Next, open your preferred browser, then enter the IP address, port number, and route name as shown below and you will see “Hello there” in the browser. You can also try doing the same procedure on a different computer but make sure that it is on the same network with the RPi.

Hello world from the web browser of a different computer

On the RPi terminal, you will see status messages when users access your web page.

Raspberry Pi Terminal messages. From the terminal, we can see that our server is up and running and three devices from the same network have successfully accessed our website. These devices have the IP, and finally the localhost:

Code Description

A web application cannot work without routes. To create a route, follow the following steps:

  1. First, import route and run from the bottle library: from bottle import route, run.
  2. Use the decorator @route followed by the actual location of the route. In this case, it’s going to be '/hello', but it can be anything you want to call it.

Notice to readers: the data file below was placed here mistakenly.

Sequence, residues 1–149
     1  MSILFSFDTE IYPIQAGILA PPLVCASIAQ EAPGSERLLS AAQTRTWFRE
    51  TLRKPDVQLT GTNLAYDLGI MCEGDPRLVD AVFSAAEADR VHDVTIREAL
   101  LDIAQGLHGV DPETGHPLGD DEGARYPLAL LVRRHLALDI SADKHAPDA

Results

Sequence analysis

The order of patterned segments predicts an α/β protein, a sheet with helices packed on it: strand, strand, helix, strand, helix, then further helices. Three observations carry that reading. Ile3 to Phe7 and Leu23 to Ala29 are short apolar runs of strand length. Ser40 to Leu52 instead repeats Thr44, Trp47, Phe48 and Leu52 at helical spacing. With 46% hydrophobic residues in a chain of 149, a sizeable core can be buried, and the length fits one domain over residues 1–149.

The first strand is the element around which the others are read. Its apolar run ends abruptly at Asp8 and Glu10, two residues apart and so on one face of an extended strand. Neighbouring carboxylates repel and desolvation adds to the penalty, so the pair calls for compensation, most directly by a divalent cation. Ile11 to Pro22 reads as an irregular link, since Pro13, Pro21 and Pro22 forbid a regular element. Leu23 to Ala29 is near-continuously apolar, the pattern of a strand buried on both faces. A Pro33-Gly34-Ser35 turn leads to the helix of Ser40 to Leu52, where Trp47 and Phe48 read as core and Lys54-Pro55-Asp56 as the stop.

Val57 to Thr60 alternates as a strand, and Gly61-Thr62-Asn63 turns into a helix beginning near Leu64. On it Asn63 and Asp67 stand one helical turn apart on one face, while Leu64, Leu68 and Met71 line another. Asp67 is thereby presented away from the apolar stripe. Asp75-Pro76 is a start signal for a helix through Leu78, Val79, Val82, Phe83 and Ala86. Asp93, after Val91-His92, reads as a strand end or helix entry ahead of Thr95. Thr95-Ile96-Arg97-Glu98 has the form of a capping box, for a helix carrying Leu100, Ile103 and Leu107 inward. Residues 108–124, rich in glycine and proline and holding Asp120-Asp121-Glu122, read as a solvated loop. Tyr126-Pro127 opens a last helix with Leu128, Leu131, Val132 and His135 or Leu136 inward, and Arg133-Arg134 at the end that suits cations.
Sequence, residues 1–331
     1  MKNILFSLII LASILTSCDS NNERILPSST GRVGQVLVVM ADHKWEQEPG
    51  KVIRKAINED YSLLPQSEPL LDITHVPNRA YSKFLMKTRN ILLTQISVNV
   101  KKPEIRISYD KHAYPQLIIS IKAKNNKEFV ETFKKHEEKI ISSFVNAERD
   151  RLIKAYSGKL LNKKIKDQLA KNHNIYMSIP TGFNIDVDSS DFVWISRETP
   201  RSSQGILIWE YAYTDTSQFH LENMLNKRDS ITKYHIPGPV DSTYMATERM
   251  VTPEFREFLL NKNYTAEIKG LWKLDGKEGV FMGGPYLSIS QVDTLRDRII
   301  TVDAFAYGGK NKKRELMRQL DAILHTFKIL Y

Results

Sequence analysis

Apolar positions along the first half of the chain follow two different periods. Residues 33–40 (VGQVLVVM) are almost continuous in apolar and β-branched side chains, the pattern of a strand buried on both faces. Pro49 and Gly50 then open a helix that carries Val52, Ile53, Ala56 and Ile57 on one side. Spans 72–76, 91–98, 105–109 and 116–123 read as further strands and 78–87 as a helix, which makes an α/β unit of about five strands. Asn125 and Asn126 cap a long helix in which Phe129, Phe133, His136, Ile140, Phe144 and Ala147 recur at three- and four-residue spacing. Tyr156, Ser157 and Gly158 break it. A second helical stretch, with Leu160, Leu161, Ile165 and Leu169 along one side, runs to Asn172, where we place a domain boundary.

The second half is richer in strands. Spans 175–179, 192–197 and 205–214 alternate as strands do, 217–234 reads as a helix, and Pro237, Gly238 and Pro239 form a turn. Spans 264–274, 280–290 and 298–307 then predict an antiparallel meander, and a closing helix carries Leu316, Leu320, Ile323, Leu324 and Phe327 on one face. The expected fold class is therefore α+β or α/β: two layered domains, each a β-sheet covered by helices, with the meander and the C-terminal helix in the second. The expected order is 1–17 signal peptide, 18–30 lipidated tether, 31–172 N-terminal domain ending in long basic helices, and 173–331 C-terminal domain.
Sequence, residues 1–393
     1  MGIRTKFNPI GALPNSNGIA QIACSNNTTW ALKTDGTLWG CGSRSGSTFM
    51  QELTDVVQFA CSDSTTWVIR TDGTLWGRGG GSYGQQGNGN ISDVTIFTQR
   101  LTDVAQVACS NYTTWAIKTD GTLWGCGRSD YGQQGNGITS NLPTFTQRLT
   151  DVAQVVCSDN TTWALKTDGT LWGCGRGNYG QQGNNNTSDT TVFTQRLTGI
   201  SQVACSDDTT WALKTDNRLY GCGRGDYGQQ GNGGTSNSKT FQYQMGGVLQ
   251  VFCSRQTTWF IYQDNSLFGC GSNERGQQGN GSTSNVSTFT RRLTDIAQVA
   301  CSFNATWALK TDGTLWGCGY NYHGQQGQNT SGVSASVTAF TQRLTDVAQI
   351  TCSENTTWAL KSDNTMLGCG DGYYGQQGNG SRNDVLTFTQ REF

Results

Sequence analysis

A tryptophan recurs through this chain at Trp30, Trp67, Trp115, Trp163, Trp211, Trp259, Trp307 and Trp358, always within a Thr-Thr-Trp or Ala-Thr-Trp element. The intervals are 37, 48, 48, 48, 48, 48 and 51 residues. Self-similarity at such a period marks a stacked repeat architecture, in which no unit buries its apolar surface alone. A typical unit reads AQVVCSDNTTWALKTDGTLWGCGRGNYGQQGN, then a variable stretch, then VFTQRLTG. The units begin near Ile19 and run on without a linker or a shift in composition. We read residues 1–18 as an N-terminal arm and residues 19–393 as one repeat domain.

3. Then, define a function that will be executed when the route is called: def hello():.
  4. Next, return "Hello there..." This function will simply return a text which says “Hello there…” in your web browser.
  5. Finally, tell the Python interpreter to run the built-in development server: run(host='', port=8080, debug=True). Specify the host and the port (it can be the local host, or the IP address if you know it).

That’s it for the web page. The next step is to start the server in your terminal. You can do this by running the command: sudo python myServer.py. Then, open your browser and type Note that if the website is running on a different port, you need to include it in the URL as follows:

2. Wide Network

At this point, our web page can only be accessed by computers that are on the same network as the RPi. For external users to access our webserver from the internet, we will need to change a few settings on our router. One particular procedure that we can do is called Port Forwarding.